I was at this conference and it’s great because it’s not related to my daily work life at all. I work at a job that is quite removed from writing. In terms of things in this country that are under siege, my other profession is under siege too. It was great to be at this conference talking about ideas.

I think I heard a lot of statements about things. And that’s what non-conformity makes me think about. I’m interested in a developmental conversation, a conversation about process. Versus presentation. So I think the question asks about a presentational stance, and I’m more interested in an exploratory. . .

KL: Do you think this liberty can go too far?

ED: No.

People have a sense of liberty that’s wound up in ego, which is really about fear. The only reason it feels like it’s gone too far is that people are using what they call liberty to defend themselves against things they are deathly afraid of, which are usually within themselves.

The idea of cognitive dissonance, how people have it and disengage—instead to sit with it and inquire why am I having this and how can I respond from a place that is not reactive? Am I exercising my liberty in a way that is really about exorcizing some fear that I think I have?

KL: Who would you name as fundamental to this conversion?

ED: My dog. Just kidding. [laughs]

My grandmother after she got to be a certain age stopped having dogs, which reminds me of novels about vampires, where it’s very sad for vampires to connect with mortals because they die so early. Another author I love, Joan Slonczewski, she has a series of novels where certain humans have life spans of thousands of years and they have a very difficult time connecting with people whose lives don’t last that long.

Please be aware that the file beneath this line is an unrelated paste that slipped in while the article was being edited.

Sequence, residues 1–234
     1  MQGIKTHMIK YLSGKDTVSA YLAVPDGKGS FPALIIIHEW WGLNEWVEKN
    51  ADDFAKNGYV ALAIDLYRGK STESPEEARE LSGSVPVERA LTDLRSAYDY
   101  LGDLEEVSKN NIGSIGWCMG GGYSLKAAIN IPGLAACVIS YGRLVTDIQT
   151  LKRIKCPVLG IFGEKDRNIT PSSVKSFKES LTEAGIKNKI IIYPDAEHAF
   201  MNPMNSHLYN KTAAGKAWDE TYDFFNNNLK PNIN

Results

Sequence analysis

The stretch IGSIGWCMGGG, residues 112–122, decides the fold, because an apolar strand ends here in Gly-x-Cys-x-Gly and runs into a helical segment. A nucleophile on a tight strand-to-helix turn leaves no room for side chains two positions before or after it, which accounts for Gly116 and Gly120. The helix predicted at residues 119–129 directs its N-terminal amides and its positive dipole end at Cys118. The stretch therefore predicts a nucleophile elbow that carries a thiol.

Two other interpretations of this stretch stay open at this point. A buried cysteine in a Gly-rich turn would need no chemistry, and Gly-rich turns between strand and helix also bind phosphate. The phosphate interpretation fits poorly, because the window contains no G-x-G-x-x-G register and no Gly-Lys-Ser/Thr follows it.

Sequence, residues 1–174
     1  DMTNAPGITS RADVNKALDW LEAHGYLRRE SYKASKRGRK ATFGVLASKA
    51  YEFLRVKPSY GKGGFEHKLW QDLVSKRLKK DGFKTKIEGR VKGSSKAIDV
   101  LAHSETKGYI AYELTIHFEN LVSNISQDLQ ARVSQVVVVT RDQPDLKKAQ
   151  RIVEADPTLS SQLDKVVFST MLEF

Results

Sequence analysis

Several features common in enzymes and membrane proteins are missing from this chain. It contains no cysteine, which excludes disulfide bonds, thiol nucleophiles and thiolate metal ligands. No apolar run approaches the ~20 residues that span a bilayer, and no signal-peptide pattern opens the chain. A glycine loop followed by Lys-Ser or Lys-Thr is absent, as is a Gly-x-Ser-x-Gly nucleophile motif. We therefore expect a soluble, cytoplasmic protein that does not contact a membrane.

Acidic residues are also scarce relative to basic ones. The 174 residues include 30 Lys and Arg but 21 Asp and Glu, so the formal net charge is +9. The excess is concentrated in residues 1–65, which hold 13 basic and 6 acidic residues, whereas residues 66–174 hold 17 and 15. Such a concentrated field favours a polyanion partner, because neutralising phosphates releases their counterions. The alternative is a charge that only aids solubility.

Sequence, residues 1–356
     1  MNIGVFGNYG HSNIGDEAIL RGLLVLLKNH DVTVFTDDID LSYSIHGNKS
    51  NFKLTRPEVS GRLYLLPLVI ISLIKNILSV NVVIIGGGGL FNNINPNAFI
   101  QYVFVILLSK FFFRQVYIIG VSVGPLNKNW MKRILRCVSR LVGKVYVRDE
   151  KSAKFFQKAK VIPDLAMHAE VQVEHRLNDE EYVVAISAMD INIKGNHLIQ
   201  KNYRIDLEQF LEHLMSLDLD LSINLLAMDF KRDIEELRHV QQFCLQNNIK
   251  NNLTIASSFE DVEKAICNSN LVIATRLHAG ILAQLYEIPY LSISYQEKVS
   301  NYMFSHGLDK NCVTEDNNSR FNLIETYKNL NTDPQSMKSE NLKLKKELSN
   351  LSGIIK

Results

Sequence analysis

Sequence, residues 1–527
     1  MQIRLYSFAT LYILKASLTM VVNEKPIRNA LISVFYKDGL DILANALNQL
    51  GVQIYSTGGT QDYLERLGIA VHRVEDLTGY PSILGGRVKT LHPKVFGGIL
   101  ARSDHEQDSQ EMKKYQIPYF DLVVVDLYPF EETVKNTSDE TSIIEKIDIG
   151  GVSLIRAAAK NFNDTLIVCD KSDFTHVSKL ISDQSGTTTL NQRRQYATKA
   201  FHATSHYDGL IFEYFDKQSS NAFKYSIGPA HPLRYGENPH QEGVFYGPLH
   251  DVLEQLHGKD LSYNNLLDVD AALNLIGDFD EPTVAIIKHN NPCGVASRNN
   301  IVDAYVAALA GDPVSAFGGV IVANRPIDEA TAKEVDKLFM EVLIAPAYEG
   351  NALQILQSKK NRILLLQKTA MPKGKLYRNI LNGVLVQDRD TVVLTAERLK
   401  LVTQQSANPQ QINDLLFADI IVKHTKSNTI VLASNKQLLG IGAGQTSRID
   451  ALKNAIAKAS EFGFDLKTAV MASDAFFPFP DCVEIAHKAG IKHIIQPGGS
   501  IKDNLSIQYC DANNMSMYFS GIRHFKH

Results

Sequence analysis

But in terms of conversion, that makes me think of Flannery O’Conner, you know Everything that Rises Must Converge. Everything in existence is responsible for it.

KL: If you had to name the chief architect of this revolt?

ED: It’s pretty universally accepted in human cultures that all minds are one mind and all beings are one being, that there is no chief architect. We’re caught up in a series of currents, this ebullience, this flow, and when there is a concentration we have some kind of transition. So we are all the architects.

KL: Some moments ago, you spoke of this “other.” I think we would do well to try to pin down what you mean by that. Picasso has spoken of it—said it is the real doer of his creation—and you have during our earlier talks. How would you define it?

ED: The book is called proxy, and that is a manifestation of a kind of otherness. I see it in some respects as an avatar, in both ancient and contemporary terms. I think that the other of course is really a projection of the self, but also the other is as I was saying before a referent for a larger organism. We have cells in our brains that enable us to pick up what other people seem to be thinking. Mirror neurons. We’re looking at other people and things are happening in our brains regardless of what’s happening to us consciously. Other is others but others are us.

KL: Do you mean the unconscious creates?

ED: Yes.